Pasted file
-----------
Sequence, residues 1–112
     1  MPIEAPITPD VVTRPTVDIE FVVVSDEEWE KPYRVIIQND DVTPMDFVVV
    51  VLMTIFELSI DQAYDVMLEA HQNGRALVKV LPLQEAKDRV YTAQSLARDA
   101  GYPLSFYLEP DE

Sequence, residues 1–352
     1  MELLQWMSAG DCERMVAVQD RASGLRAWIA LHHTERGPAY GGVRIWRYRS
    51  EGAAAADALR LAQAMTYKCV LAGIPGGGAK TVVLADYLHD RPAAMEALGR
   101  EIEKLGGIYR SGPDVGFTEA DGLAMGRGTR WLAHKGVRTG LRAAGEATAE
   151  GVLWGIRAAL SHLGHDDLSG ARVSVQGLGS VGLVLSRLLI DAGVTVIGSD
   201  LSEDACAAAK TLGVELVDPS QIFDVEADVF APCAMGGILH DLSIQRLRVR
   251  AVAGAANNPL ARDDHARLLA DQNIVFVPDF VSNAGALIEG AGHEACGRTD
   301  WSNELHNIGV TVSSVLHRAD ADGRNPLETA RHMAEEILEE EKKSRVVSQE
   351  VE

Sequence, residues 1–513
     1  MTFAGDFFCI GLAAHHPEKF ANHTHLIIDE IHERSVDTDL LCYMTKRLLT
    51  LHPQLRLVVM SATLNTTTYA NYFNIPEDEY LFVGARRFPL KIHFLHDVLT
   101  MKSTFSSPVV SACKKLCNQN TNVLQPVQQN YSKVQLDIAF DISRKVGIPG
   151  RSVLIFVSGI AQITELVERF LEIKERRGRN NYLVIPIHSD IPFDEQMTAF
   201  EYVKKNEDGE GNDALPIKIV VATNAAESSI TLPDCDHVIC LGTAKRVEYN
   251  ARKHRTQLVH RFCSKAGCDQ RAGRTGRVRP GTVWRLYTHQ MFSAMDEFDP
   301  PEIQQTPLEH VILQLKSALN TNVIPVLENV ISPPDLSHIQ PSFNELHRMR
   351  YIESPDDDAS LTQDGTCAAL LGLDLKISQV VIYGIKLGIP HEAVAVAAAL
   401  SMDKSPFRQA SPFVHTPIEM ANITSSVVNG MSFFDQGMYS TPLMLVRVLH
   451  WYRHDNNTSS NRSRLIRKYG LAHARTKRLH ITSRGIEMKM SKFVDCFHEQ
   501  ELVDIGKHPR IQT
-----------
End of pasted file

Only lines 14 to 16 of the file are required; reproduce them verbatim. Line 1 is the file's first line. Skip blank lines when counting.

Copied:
Sequence, residues 1–513
     1  MTFAGDFFCI GLAAHHPEKF ANHTHLIIDE IHERSVDTDL LCYMTKRLLT
    51  LHPQLRLVVM SATLNTTTYA NYFNIPEDEY LFVGARRFPL KIHFLHDVLT